Childhood Obesity : High Blood Pressure And High Cholesterol

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Childhood obesity is defined as having a age and sex specific Body Mass Index (BMI) at or above 95th percentile. The prevalence of childhood obesity has risen dramatically with the increase more than triple since the 1970 in the United States. According to Centers for Disease Control and Prevention (CDC), about one in five children from age six to nineteen are in obese. The consequences of childhood obesity include high blood pressure and high cholesterol, these are the risk factors for cardiovascular disease; type 2 diabetes mellitus, fatty liver disease, gallstone, and breathing problems such as asthma and obstructive sleep apnea. If children are obese will more likely to become adults with obesity, and their obesity and risk factors …show more content…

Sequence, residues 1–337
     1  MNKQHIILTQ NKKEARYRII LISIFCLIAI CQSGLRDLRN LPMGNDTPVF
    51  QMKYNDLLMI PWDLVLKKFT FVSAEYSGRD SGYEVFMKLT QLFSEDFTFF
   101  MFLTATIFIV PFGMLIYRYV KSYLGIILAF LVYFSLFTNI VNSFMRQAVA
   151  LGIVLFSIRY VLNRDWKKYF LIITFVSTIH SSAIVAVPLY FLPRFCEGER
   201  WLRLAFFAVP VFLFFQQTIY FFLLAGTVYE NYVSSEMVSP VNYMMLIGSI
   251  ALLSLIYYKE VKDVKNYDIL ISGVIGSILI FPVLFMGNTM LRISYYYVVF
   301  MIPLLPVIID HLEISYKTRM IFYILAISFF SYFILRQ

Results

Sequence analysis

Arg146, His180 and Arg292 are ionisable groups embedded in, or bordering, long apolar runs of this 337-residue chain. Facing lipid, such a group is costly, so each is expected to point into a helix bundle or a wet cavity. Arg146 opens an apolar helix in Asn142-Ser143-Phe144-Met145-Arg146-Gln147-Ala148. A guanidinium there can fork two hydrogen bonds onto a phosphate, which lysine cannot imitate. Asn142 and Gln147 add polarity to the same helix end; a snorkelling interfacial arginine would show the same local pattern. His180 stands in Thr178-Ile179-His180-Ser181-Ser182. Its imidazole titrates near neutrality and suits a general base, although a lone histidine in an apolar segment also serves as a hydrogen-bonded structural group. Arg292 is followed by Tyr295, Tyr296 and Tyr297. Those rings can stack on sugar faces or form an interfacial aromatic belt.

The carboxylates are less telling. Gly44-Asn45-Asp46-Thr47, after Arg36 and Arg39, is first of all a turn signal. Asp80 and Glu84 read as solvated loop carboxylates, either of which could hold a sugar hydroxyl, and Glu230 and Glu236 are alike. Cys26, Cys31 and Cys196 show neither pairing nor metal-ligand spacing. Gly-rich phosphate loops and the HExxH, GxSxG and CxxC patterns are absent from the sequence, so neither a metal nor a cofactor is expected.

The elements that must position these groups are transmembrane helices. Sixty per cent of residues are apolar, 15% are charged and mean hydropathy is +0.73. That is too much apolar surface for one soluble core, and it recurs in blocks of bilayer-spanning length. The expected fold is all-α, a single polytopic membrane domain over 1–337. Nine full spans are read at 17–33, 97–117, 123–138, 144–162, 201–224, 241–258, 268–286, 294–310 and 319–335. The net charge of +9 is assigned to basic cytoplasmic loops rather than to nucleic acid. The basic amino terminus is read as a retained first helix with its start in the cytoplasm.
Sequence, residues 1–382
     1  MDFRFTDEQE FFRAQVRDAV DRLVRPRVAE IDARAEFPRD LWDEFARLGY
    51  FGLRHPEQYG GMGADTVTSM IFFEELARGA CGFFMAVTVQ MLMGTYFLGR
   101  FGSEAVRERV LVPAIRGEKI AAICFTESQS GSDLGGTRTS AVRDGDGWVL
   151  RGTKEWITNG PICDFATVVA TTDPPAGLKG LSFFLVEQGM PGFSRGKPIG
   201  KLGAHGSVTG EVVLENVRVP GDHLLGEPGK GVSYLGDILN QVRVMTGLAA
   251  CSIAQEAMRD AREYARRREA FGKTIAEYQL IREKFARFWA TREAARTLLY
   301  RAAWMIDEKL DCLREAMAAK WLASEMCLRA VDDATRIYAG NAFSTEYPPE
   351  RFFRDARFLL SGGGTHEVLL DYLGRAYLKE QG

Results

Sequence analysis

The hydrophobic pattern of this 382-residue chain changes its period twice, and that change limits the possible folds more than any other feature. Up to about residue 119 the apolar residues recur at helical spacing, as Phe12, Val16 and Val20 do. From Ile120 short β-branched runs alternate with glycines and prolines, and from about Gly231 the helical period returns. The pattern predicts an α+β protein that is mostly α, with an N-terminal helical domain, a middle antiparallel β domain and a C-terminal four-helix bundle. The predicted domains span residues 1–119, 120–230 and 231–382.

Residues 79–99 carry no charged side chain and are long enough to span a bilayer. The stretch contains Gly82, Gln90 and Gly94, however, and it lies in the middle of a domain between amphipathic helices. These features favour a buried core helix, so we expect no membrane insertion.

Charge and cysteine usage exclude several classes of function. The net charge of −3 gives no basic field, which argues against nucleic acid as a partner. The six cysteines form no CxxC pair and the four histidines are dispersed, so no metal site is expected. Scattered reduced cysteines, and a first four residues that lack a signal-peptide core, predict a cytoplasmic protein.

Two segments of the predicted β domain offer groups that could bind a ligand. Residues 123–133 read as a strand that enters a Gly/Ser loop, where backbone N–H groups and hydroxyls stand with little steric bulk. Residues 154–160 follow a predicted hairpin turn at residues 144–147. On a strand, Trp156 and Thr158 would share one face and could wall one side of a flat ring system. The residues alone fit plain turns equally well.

Rural children were more likely than their urban peers to be living in the low income families, or to have parents with less than a college degree. About 26.5 percent of children who lived in rural areas with household incomes less than 100 percent of poverty, compared to 21.6 percent of children lived in urban areas. However, about 30 percent of urban children had household incomes of 400 percent or more of poverty, compared to 15.9 percent of children who lived in rural areas. Physical Activity Physical Activity Guidelines for Americans recommends that children and adolescents should do 60 minutes or more of physical activity per day. There are three types of physical activity: aerobic activity, muscle strengthening, and bone strengthening. Comparing to the urban children, rural children are more likely to meet the physical activity guidelines. National Health and Nutrition Examination Survey (NHANES) is a national survey biannually conducted by the National Center for Health Statistics (NCHS) to assess the health and nutrition status of U.S population. The data from NHANES showed that there were similar physical activity level between urban and rural boys from age 6 to 11 years old; however, rural girls aged 6 to 11 years were more likely to meet physical activity guidelines than urban girls of the same age. There were not a significant differences between boys

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